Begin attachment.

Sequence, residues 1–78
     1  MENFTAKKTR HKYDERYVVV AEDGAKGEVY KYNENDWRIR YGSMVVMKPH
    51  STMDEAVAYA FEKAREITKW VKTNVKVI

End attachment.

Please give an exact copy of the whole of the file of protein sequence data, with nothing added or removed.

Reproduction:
Sequence, residues 1–78
     1  MENFTAKKTR HKYDERYVVV AEDGAKGEVY KYNENDWRIR YGSMVVMKPH
    51  STMDEAVAYA FEKAREITKW VKTNVKVI